This material was first published by Redemptorist Publications
and is included here with their permission.
“And the two shall become one flesh.
So they are no longer two, but one flesh.” (Mark 10.8)
We are at the wedding of two friends both of whom we’ve known quite a long time as members of our congregation. They contribute in different ways to the life of the church and we in turn wish to support them as they become a married couple. We sense that as they are joined in marriage a new being is created, made up from the two of them but also with its own energy, personality and characteristics.
The words of Jesus heard in our Gospel reading today, which form part of the marriage service, serve to affirm this new relationship which has come into being: “What God has joined together, let no-one separate.” As friends and family we are asked to respect and support the relationship between husband and wife as they themselves nurture the new creation they now share together.
But it’s likely that we have also witnessed the tragedy of a broken marriage when it seems that a separation or divorce is the only way ahead. When that happens we will grieve at the sadness of our friends but perhaps also for the loss of that new being, that energy which once belonged to them as a couple.
Any discussion about marriage and divorce and what Jesus said about them will undoubtedly touch some very sensitive and maybe painful areas of our lives and surely Jesus in his teaching, while stating clearly God’s ideals, would recognise our overriding need for his compassion and love.
In that loving spirit then let us look more closely at those teachings of Jesus which we hear this morning.
Some Pharisees come to question Jesus about divorce and, as he does on other occasions, he turns the question round to those who asked it. “What did Moses command you?” he asks.
Their reply is based on Deuteronomy 24.1-4 which states that if his wife does not please him and he finds something objectionable about her, a man may indeed write a certificate of divorce and dismiss her.
Jesus then says that this was allowed as a “concession” because men and women, being human, could not live up to the ideal required by God.
By the time of Jesus controversy had arisen as to what behaviour or condition of the wife might be described as “objectionable” and not pleasing to her husband. For some only adultery came under these headings. For others it might be that something as trivial as cooking food disliked by her husband could be grounds for divorce. Such abuses of this law left divorced women vulnerable, unprotected and without the financial means to look after themselves. Jesus would always speak up for the powerless and unprotected and this is no exception we can be sure.
However, he would also not lose sight of the perfect will of God for the man and woman he created. For that perfect will Jesus goes back to the book of Genesis (which at the time was believed to have been written by Moses): “a man shall leave his father and mother and be joined to his wife, and the two shall become one flesh”. Jesus goes on to say that when they marry two people become one and having been so joined by God they are not to be separated by human intervention.
In other areas of our lives we recognise that we cannot always attain the highest standards or the perfect performances. We confess our sins to God, acknowledging that we fall short of being the people he means us to be. In all these situations we know that there is an ideal or a perfection to strive for as we seek to do God’s will in this broken world.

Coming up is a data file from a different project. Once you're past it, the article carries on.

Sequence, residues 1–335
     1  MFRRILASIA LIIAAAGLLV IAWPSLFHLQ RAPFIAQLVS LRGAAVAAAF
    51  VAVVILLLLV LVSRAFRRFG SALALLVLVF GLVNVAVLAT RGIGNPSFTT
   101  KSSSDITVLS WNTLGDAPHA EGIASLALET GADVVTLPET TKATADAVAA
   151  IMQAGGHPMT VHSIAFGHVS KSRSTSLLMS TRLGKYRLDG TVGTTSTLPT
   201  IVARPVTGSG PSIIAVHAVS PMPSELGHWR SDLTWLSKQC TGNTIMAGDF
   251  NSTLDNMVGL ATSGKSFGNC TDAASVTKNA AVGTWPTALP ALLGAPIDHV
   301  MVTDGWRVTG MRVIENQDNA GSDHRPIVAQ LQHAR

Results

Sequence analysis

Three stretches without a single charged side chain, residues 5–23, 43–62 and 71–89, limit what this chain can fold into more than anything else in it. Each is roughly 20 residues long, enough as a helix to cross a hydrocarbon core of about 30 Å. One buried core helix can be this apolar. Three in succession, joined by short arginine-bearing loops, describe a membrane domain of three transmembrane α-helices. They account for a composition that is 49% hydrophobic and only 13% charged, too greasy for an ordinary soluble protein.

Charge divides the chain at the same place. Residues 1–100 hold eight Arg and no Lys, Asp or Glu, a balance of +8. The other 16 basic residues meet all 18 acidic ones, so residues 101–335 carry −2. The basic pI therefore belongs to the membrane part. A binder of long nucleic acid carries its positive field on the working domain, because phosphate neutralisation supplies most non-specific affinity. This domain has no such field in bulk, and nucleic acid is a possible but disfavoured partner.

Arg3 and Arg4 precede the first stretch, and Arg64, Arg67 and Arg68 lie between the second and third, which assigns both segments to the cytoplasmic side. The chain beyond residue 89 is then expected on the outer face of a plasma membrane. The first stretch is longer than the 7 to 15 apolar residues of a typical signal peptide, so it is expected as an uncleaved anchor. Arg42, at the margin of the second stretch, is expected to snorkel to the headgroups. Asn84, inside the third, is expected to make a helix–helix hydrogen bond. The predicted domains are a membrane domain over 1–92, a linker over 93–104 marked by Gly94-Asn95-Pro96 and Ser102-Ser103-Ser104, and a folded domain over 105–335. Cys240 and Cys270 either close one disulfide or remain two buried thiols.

But this is a broken world and human beings are broken people with failings and weaknesses which prevent us from becoming completely healed and restored in this life. Given this truth is it any wonder that we sometimes fail to live up to the vows we made to each other and to God? And sometimes the brokenness is so great that to heal each individual the marriage has to be put aside.
Like Jesus we can chose to acknowledge God’s will for man and woman to be together as one being, never to be separated whilst also accepting that when this proves not to be possible we may have to support a couple as they move apart from each other. They will need, not judgment and condemnation but love and compassion.
- God’s will is for a man and woman to join so that they become one being and cannot be separated.
- Because of human failings and weaknesses the law of Moses permitted divorce in certain circumstances.
- That law of Moses was abused leaving divorced women particularly vulnerable and unprotected.
- Jesus re-states clearly God’s perfect will and the ideal of marriage.
- We are called not to lose sight of that ideal but to be compassionate when others cannot meet its demands.
With our brother, the Lord Jesus Christ, at our side to intercede with us and for us, let us pray to God our Father who will look with compassion, love and mercy on us and on all for whom we pray.
Let us pray for our brothers and sisters in Christ throughout the world, especially those who suffer because of their faith in the Lord Jesus.
Let us pray for all who hold authority over others from leaders of nations to leaders of industry and trade. Let them care for those who look to them for protection, justice and freedom to live in peaceful times.
Let us pray for communities and families around us, especially those in which relationships are strained to breaking point. Let us pray that God’s spirit of love and reconciliation will bring healing, understanding and new hope for the future.
Let us pray for all who are suffering pain and distress that they may sense that God is mindful of them and cares for them with a love which will not let them go.
Lord God, your love is beyond our understanding and you promise to hear our prayers. Help us to trust in your promise and to recognise your spirit at work among those for whom we have prayed, in the name of our Lord Jesus Christ.